Article written By Stacy S. Kim and sourced from NYTimes.
When my daughter was hospitalized for cancer treatment, I began collecting leftover condiments and medical supplies in an effort to control something in our uncontrollable world.
When my daughter got cancer, I began hoarding ketchup packets and digital thermometers.
Gillian was 11 when we learned the lingering knee pain was osteosarcoma in her right femur. The treatment protocol for this rare bone disease was a nine-month course of aggressive chemotherapy. Each of the almost-weekly infusions required at least a three-night hospital stay.
My husband, Kyle, and I took turns sleeping by her side. Her 13-year-old sister, Allison, gave up time with friends to have dinner with her. Sharing a room with another patient’s family meant twice as many late-night awakenings and no privacy.
Gillian was the model patient. She endured painful blisters on her feet, and when she had to throw up she made sure to use a bin so nurses wouldn’t have to change her sheets. She entertained herself with books, origami paper and sketchpads. This wasn’t surprising. Even as a toddler, she had designed independent projects so I could build my life coaching practice. Once while I worked, she manufactured a pair of spectacles from Kleenex and water.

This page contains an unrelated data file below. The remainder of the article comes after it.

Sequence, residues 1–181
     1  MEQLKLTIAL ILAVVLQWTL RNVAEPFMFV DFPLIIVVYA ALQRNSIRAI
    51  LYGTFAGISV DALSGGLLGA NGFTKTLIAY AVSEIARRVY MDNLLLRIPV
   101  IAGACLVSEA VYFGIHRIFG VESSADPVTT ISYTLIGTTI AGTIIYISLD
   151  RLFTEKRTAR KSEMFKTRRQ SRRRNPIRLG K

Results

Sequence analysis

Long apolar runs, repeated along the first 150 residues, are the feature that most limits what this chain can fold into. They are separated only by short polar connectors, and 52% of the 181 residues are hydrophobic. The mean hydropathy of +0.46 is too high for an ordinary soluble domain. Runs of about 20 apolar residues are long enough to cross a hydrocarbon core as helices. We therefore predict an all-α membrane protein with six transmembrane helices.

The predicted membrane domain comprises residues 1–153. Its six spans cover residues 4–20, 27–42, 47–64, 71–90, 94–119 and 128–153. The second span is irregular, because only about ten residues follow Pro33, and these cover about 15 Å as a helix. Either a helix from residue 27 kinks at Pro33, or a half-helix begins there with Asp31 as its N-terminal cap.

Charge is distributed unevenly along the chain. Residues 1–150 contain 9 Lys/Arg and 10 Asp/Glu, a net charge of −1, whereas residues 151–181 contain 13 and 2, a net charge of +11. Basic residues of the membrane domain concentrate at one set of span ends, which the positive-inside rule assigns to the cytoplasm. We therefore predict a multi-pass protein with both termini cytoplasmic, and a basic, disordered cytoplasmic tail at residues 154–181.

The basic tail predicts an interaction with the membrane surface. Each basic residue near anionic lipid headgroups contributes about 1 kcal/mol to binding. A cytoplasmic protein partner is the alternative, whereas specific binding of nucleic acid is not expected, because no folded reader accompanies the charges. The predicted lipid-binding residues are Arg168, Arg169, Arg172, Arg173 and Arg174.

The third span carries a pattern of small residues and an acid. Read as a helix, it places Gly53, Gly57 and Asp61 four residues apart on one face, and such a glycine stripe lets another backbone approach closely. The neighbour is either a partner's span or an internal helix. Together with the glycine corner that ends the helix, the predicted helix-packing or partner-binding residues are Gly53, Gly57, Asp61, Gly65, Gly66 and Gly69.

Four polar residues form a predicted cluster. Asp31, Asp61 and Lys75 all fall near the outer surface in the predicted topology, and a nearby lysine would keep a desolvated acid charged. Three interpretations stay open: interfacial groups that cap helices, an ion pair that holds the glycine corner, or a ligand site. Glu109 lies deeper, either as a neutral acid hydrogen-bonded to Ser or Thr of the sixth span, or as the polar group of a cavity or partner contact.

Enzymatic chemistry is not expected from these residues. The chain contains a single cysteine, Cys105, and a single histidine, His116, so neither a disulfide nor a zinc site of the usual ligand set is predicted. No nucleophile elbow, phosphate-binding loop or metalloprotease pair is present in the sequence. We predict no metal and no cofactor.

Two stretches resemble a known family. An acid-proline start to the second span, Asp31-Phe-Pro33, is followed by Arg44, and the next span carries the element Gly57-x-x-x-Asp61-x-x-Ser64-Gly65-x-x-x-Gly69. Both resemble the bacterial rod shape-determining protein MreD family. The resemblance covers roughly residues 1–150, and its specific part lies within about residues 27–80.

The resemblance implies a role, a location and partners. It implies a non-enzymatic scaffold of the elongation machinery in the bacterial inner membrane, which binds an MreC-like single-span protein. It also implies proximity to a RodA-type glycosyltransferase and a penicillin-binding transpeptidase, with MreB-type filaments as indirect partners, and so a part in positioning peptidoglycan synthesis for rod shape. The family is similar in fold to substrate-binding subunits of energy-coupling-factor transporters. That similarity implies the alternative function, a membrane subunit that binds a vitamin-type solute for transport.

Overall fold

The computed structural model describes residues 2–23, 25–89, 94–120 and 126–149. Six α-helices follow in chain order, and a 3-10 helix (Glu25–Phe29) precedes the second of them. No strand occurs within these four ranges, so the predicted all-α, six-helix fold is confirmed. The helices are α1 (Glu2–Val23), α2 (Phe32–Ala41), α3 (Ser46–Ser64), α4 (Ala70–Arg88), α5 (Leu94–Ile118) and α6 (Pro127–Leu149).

But, when I crawled into her hospital bed to snuggle and kiss her good night, she regularly sobbed quietly in my arms. As much as I tried, I couldn’t stop my tears from trickling down my cheeks onto her soft bald head.
I had been raised not to complain, but to “always give thanks” and cherish the little we had. My parents were Korean immigrants, a Presbyterian minister and a teacher. If I couldn’t finish dinner, my father would tap his chopsticks against the edge of the table to a slow timed beat.
“Every few seconds, a child dies of hunger,” he would say. Feeling guilty, I cleaned my plate.
Perhaps this is why I had taken up an obsession with hospital waste. For each overnight stay, we received two brand-new digital thermometers, a stethoscope, a pulse-ox finger band and a blood pressure arm band. Watching the maintenance staff clean half of the room after each of Gillian’s roommates was discharged, I saw these and more go into the garbage — even new items with packaging untouched.
I asked one of the head nurses, “Why not reuse unopened items?”
“Once supplies leave the ‘clean room’ they can’t go back.”
When Gillian was too nauseated to touch any food, I tried to stop the kitchen aide from tossing items on her tray. I suggested she return the sealed milk, yogurt and Jell-O.
“I can’t. I’ll get into trouble!”
The wastefulness irked me. Ignoring advice I often gave my clients — to go easy on oneself in times of stress — I took up the fight to conserve. I started taking things home.
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